We have our disagreements, for sure, but one thing most of us appreciate about Boulder is the thoughtful planning over the decades that has created the livable city we adore. The wise accumulation of open space, providing relief from unsightly sprawl, and the 55-foot height limit that helps keep a sense of appropriate scale, are central to our community character.
These thoughtful policies do have consequences. And one that has finally caught up with us is affordability. We are a lush island surrounded by a moat — in itself a wonderful thing — but without some sensible adjustments to our land use regulations, we will continue on a path where only the wealthy can choose to live here.
One such adjustment now being considered that deserves our support is a loosening of our rather uptight rules for accessory dwelling units (ADUs) or “granny flats.” Our current regulations are among the most restrictive in the nation. City staff is proposing, and council is debating, incremental changes that will allow an increase in ADUs to provide much-needed diversity in our housing stock, and an antidote to the propensity to scrape our smaller, more affordable homes and build McMansions.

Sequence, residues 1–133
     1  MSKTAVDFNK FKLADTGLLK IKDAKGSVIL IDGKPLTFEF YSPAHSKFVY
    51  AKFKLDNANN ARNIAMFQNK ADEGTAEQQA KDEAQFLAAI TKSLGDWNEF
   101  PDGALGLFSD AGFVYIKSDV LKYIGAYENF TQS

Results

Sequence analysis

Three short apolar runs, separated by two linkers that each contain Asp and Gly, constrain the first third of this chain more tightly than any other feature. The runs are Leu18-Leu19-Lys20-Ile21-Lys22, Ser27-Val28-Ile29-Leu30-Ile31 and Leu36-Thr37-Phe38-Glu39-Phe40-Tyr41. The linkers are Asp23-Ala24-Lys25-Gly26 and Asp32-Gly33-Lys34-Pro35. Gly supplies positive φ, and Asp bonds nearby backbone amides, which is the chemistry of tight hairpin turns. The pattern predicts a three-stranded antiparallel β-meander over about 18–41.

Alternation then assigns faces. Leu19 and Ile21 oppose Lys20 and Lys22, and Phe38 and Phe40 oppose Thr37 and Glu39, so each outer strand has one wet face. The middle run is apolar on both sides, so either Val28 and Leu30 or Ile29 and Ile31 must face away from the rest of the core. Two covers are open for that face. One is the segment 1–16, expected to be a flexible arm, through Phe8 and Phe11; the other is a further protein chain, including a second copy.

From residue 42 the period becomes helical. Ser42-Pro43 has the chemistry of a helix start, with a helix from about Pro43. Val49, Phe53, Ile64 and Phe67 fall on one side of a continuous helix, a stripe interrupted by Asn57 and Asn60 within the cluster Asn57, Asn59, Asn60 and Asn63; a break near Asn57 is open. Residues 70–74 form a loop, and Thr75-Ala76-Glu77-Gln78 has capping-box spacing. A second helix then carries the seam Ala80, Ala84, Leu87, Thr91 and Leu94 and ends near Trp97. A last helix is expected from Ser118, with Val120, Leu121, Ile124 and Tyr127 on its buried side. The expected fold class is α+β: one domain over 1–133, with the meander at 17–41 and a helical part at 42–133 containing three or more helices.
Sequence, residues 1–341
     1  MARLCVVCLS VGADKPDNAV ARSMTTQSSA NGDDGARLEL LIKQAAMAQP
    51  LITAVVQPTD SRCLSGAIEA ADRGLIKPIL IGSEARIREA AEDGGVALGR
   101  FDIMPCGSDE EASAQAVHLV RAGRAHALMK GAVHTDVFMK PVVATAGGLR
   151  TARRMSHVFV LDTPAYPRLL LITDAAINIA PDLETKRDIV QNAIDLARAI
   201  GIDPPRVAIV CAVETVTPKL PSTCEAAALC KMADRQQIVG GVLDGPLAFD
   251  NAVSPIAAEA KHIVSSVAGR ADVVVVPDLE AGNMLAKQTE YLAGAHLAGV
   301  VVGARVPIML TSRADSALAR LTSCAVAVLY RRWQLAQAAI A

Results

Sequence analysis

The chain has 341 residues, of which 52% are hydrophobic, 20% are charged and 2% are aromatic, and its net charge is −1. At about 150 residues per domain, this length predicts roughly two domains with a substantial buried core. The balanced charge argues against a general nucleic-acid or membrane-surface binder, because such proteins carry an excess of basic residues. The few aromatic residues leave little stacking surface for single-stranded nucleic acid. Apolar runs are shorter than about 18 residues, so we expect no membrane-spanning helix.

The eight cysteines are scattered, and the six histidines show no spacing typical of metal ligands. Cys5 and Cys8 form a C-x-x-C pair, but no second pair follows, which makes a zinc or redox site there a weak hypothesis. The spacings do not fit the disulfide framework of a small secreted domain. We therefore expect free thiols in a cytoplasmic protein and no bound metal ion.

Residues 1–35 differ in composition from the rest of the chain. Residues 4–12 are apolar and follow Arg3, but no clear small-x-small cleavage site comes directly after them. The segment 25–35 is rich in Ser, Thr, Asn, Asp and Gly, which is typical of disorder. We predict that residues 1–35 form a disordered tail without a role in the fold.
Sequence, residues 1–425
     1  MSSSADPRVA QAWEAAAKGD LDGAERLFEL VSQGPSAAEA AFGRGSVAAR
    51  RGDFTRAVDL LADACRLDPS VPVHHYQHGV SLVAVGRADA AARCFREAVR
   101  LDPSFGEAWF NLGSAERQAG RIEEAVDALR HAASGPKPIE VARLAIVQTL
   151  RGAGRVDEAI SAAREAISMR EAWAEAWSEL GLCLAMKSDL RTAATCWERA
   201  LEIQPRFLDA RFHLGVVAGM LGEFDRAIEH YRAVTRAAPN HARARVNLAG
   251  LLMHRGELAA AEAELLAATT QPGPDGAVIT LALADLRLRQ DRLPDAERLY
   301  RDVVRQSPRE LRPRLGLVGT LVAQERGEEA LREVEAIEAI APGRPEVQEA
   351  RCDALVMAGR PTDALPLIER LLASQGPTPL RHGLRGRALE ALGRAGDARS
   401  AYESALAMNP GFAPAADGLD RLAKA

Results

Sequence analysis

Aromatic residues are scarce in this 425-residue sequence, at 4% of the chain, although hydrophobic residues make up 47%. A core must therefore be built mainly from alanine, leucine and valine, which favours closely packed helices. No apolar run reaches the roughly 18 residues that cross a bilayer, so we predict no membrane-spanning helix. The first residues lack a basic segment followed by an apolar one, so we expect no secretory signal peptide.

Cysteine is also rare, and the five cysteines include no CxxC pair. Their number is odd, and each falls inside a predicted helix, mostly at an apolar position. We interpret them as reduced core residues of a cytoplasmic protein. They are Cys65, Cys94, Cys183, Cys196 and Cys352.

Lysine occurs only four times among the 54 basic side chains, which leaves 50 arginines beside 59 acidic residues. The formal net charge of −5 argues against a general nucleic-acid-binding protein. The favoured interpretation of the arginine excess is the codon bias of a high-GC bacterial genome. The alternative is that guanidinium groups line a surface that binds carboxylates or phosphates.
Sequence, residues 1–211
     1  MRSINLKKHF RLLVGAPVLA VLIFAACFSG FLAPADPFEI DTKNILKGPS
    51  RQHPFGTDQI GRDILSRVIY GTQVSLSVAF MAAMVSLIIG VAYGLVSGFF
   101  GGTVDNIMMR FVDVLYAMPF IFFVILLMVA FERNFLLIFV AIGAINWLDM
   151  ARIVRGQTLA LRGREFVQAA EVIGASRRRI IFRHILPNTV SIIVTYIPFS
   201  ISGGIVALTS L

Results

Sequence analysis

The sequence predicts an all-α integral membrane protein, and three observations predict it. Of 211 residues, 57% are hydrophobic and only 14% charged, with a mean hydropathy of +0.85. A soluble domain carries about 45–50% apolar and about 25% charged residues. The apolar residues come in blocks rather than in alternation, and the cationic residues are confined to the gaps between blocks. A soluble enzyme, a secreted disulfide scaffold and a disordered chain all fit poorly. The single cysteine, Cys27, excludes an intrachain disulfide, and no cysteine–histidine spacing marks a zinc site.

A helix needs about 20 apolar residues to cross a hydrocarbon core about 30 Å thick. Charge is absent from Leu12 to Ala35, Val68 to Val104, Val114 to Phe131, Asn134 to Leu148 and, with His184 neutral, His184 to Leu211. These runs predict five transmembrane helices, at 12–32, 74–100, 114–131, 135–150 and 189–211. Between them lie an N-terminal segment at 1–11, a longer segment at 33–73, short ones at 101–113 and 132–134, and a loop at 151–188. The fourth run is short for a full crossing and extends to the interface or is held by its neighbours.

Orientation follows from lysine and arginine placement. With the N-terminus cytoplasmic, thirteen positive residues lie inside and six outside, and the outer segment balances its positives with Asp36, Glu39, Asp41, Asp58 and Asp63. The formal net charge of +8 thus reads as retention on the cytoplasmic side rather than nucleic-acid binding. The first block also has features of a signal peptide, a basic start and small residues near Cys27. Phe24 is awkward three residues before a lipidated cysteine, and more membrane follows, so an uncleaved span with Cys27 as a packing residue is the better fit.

ADUs, by their very nature, are affordable solutions for many housing needs — elderly relatives, millennials, singles, small families. They also help middle income homeowners stay in place by offering supplemental rental income. In the face of these important benefits of ADUs, let‘s not encumber them with artificial permanent affordability regulations and other restrictions that will complicate and limit their feasibility.
By themselves, ADUs will not solve Boulder‘s housing affordability problem. But they are a step in the right direction. Let‘s all get behind this thoughtful adjustment to our land use code as one way to achieve a more fair, diverse and vibrant Boulder.